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Methods for the resolution of completely co-eluting components in mass spectrometry data

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Methods for the resolution of completely co-eluting components in mass spectrometry data Katharine M. Mullen Biophysics Group, Department of Physics and Astronomy Vrije Universiteit Amsterdam, The Netherlands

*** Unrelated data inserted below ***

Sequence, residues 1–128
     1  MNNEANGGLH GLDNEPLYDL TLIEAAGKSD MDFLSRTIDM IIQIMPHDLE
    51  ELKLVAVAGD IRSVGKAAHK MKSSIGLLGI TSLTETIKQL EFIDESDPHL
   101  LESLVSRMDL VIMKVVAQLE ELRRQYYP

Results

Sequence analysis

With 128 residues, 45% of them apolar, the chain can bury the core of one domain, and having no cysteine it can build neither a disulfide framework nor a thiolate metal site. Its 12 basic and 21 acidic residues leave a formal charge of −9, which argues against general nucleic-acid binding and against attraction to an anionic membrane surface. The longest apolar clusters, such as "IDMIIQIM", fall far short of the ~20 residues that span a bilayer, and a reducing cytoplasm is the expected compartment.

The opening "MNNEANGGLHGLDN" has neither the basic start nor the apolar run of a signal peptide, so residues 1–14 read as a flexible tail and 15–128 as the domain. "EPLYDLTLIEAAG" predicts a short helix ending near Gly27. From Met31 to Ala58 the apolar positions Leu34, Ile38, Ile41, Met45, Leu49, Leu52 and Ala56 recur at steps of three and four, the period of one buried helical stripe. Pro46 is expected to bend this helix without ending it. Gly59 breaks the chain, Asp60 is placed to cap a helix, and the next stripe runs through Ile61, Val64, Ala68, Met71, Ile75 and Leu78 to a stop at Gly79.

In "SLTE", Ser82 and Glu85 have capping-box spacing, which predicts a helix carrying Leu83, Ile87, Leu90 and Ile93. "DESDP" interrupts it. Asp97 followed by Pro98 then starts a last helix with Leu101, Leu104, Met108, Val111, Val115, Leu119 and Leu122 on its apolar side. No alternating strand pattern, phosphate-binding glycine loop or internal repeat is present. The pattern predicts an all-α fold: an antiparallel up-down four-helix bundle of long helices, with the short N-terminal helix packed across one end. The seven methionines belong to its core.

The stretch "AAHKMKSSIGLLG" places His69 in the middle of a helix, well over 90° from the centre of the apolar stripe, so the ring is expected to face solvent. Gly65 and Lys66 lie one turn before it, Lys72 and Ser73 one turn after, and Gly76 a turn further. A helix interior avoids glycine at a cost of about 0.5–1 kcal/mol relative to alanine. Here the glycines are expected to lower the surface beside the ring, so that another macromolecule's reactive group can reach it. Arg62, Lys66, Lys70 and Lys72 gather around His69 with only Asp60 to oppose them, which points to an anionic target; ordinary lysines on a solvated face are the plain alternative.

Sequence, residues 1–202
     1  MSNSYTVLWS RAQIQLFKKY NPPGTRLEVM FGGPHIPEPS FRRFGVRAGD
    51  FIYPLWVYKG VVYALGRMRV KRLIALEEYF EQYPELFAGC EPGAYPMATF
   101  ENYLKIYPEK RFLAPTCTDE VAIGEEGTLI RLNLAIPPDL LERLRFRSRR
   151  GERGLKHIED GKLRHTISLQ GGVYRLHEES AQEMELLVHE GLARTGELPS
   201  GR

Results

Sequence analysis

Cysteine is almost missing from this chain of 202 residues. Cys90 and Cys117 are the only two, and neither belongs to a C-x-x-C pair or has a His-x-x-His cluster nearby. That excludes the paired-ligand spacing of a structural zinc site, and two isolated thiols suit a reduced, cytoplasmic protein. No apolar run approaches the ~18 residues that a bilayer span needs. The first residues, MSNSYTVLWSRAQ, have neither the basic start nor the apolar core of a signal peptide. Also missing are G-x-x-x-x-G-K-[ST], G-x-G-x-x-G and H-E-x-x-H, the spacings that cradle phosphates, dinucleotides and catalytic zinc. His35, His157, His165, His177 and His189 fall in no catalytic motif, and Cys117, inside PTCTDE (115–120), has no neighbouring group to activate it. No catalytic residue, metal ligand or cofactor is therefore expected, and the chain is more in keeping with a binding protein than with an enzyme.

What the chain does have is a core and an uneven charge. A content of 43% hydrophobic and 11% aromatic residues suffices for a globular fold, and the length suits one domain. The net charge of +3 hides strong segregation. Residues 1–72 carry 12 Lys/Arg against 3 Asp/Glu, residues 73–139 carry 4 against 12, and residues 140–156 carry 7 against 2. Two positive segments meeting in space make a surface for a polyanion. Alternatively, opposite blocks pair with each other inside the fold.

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Methods for the resolution of completely co-eluting components in mass spectrometry data Katharine M. Mullen Biophysics Group, Department of Physics and Astronomy Vrije Universiteit Amsterdam, The Netherlands 13 August, 2008 [ Talk overview ] Introduction Instrumentation Data Component resolution problem Algorithms for component resolution Peak-based MCR-ALS Global analysis Resolution of completely co-eluting components Initial example Robustness of result Conclusions [ Mass spectrometer ] device to introduce sample source to produce ions from sample analyzer(s) to separate ions by m/z detector computer m/z [ Liquid and gas chromatography ] [ GC-MS, LC-MS ] can use a liquid or gas chromatography column to send sample to the mass spectrometer resulting measurement is mass-to-charge ratio resolved with respect to time: 8e+05 6e+05 4e+05 2e+05 0e m/z time [ Component resolution problem ] D = CS T where D is matrix of data, column i of C is the elution profile of a compound, and column i of S is mass spectrum of that compound given D, want to estimate the elution profiles C and mass spectra S: [ Component resolution problem ] component resolution for multiple datasets D 1, D 2,..., D K : D 1 D 2. = C 1 C 2. S T D K C K elution profiles free to vary per-dataset mass spectra assumed to be constant between datasets integral of an elution profile in different datasets used to quantify relative abundance of component between datasets [ Component resolution problem ] Given estimates for mass spectra/retention times, match this information against those of compounds in library (e.g. NIST 05 database) and identify chemical constituents of the sample quantify similarity of estimated spectrum to that of spectrum in database via a matching factor function, e.g., the normalized dot product matching factor: MF(u, s) = u s u s = u 1 s 1 + u 2 s u u s s [ Peak-based ] peak-based methods for component resolution: examine the chromatogram at each m/z value for peaks examine the total ion chromatogram (TIC) for peaks use heuristics to decide which peaks represent components / infer the shape of components thereby determine C, from which S can be determined by linear regression from D = CS T Automated mass spectral deconvolution and identification system (AMDIS) of Stein and collaborators is an example: [ MCR-ALS ] multivariate curve resolution alternating least squares (MCR-ALS) is a self-modeling method: given D = CS T starts with some starting guess for C then alternates refinement of C and S C = (S T ) + D S T = C + D results in estimates for C and S but no parametric model-based description MCR-ALS does allow solutions for C and S to be subject to constraints: non-negativity via R package nnls unimodality via R package Iso closure/normalization selectivity... MCR-ALS extends naturally to modeling multiple datasets simultaneously [ MCR-ALS ] Implementation of MCR-ALS: available as the new R package ALS all important constraints included on CRAN Motivation: facilitate a systematic comparison of the component resolution abilities of global analysis and MCR-ALS for data in which underlying elution profiles are completely overlapping [ Global analysis ] Global analysis: elution profiles are described with a parametric model C(θ) starting values for θ are improved and estimates for mass spectra S are obtained by solution of a separable nonlinear least squares problem mass spectra and amplitude parameters of elution profiles subject to non-negativity constraints like MCR-ALS, is well-suited to modeling multiple datasets parametric model for elution profile: exponentially modified Gaussian (EMG) amplitude location decay rate width [ Global analysis ] idea of global analysis: formulate parametric model for elution profiles C(θ) set starting values θ 0 θ 0 allows solving for mass spectra as S T = C + D this allows determination of residuals as D C(θ 0 )S T = D C(θ 0 )C + D residuals are iteratively minimized with respect to θ this is instance of separable nonlinear least squares model for D is completely determined via relatively small number of parameters [ Global analysis ] TIMP is a package for fitting separable nonlinear models that has been applied to measurements arising in time (and/or temperature, polarization, ph)-resolved spectroscopy fluorescence lifetime imaging microscopy (FLIM) New options for fitting mass spectroscopy data have been recently added to TIMP: address outliers, baseline correction/estimation, saturation [ Comparison of methods ] peak-based MCR-ALS global analysis fast yes yes no integrated with mass spec. libraries yes no no model multiple datasets no yes yes resolve completely overlapping components no yes yes cons peak-based: broad elution profiles may be missed, or their local maxima may be detected as separate components cons MCR-ALS: flexibility in shape of columns of C may allow more than one solution with same residual sum of squares cons global analysis: requires user-intervention in model-specification [ Resolution of completely co-eluting components ] plots in color depict contributing elution profiles peak matching / MCR-ALS / global analysis can be used for component resolution when elution profiles are not completely overlapping (top row) either MCR-ALS or global analysis make possible resolution of completely overlapping components (bottom row) [ Resolution of completely co-eluting components ] simulate data with Poisson noise, using elution profiles and mass spectra shown below EMG parameters for elution profiles: component 1 component location FWHM 7 7 rate 1 1 amplitude, dataset amplitude, dataset [ Resolution of completely co-eluting components ] mass spectra estimated by global analysis (middle row) match the spectra used in simulating the data (top row) MCR-ALS (bottom row) returns a linear combination of the true mass spectra [ Resolution of completely co-eluting components ] can examine many other problems with varying overlap of the elution profiles, from starting values for C that are slightly shifted versions of the values used in simulating the data: [ Resolution of completely co-eluting components ] observe that as location of elution profiles becomes more similar, MCR-ALS fails: Global analysis matching factor location separation MCR ALS matching factor location separation [ Resolution of completely co-eluting components ] while MCR-ALS is not able to estimate good mass spectra from slightly wrong starting values, given perfect starting values it also performs well Global analysis matching factor shift of location starting values MCR ALS matching factor shift of location starting values A range of solutions have the same residual sum of squares under MCR-ALS; this ambiguity is a major drawback of the flexibility inherent to the method [ Conclusions ] Conclusions: component resolution problems in GC/MS and LC/MS data possible to address via parametric global analysis: R package TIMP non-parametric MCR-ALS: R package ALS both methods can deal with completely co-eluting components in certain situations global analysis returns better estimates of the mass spectra than MCR-ALS Future work: a significant disadvantage of global analysis is run-time and user-intervention needed for model specification; for high-throughput deployment, more automation is necessary develop criteria to identify regions of data that would benefit from global analysis [ Acknowledgments: ] Ivo van Stokkum (Vrije Universiteit Amsterdam, Biophysics) Linda Switzar (Vrije Universiteit Amsterdam, Analytical chemistry) Filipe Lopes (Vrije Universiteit Amsterdam, Analytical chemistry)